OBJECTIVE: To study interhemispheric differences of somatosensory evoked field (SEF) characteristics and the spatial distribution of equivalent current dipole sources in patients with unilateral hemispheric lesions around the central sulcus region.
METHODS: In 17 patients with perirolandic lesions, averaged somatosensory responses after posterior tibial nerve stimulation at the ankle were recorded with magnetoencephalography. Dipole source solutions in the affected (AH) and unaffected (UH) hemispheres were analyzed and compared for latency, equivalent current dipole strength, root mean square, and spatial distribution in relation to clinical findings.
RESULTS: Three main SEF components, P45m, N60m, and P75m, were identified in the hemisphere contralateral to the stimulated nerve. Dipole strength for the P45m component was significantly higher in the AH compared with the UH. SEF characteristics in the AH and UH showed no significant differences with respect to component latency or dipole strength of the N60m and P75m components. Interdipole location asymmetries exceeded 1.0 cm in 71% of the patients. Comparison of the posterior tibial nerve evoked responses (P45m and N60m) in patients with motor deficits and patients without deficits showed that these responses are enlarged in the AH when perirolandic lesions are present. Patients with motor deficits also showed an increased response for P45m in the UH.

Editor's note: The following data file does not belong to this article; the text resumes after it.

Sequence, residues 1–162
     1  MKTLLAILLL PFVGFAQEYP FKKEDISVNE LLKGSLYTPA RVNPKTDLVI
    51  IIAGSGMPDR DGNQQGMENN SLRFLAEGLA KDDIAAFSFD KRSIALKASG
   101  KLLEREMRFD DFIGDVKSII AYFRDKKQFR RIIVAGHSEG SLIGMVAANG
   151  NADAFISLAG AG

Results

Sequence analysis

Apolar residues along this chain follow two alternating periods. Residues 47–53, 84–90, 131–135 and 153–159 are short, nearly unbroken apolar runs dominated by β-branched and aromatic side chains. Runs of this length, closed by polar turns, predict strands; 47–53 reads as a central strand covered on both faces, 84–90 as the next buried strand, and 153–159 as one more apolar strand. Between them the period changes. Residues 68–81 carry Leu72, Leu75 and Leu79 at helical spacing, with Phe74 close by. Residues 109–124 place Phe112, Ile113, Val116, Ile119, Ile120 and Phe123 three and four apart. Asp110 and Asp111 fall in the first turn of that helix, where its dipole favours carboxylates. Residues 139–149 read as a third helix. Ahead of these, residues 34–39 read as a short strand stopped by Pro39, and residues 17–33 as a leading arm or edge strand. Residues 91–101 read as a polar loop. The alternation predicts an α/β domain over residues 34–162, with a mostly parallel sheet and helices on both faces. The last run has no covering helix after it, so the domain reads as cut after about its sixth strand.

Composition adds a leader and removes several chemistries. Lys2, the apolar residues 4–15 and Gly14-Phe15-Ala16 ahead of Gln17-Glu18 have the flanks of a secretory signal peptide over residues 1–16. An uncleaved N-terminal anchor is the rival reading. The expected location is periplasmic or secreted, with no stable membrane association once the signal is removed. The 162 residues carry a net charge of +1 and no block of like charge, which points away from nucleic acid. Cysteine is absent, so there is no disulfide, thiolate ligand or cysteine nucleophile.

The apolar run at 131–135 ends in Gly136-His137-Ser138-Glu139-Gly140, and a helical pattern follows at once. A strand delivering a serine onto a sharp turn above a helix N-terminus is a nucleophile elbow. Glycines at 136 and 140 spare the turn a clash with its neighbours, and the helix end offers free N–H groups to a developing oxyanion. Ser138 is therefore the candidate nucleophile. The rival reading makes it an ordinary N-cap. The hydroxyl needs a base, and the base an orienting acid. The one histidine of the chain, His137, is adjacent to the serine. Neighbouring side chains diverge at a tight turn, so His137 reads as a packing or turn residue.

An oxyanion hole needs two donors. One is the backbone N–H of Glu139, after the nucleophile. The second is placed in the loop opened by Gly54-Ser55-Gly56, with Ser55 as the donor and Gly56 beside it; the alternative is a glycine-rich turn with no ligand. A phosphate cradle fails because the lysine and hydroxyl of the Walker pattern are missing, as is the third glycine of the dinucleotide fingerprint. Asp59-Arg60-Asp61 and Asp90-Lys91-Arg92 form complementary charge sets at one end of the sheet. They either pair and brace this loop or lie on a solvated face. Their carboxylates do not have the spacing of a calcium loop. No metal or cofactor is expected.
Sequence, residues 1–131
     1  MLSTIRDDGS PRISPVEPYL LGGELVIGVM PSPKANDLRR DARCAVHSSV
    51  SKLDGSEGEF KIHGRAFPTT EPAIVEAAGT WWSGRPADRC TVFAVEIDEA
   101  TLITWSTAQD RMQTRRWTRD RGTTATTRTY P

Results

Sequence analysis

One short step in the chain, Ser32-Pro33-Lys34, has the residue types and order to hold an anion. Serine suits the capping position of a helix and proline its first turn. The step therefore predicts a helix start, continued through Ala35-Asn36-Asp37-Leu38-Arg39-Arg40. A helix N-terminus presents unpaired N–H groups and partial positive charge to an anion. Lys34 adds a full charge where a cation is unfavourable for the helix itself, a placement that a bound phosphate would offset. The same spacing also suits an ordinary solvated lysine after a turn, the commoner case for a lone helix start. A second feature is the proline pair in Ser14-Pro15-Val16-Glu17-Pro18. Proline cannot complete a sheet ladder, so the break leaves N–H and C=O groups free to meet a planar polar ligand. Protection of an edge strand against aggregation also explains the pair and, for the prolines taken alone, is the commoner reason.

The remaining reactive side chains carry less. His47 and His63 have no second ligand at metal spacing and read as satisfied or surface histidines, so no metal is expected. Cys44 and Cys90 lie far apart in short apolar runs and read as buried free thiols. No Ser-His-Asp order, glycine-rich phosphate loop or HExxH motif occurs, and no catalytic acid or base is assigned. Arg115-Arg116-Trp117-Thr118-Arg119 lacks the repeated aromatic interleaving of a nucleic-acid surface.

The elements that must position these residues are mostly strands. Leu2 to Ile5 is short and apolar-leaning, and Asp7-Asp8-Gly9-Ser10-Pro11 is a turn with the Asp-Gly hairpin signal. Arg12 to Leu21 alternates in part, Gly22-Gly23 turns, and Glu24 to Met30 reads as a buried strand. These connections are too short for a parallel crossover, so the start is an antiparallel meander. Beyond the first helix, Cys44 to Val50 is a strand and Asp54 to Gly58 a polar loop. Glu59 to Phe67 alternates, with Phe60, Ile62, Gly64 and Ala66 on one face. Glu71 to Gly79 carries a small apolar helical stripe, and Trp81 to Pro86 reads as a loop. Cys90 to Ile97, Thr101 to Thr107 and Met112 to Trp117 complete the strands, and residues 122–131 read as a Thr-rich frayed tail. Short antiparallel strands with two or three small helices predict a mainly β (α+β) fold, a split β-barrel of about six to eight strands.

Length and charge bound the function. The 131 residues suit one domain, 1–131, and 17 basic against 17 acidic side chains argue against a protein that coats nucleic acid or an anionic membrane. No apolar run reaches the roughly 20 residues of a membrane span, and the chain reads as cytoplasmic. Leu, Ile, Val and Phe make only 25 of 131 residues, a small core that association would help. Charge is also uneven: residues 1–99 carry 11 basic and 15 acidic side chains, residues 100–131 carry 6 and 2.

CONCLUSION: The results of posterior tibial nerve SEFs suggest spatial and functional changes in the somatosensory network as a result of perirolandic lesions with a possible relationship with clinical symptoms. The results can provide further basis for the evaluation of cortical changes in the presence of perirolandic lesions.
|1209-17; discussion 1217-8
|Published - Dec 2007
- Brain Injuries/pathology
- Brain Mapping
- Cerebral Cortex/pathology
- Electric Stimulation/methods
- Evoked Potentials, Somatosensory/physiology
- Magnetic Resonance Imaging/methods
- Middle Aged
- Reaction Time/radiation effects
- Tibial Nerve/physiopathology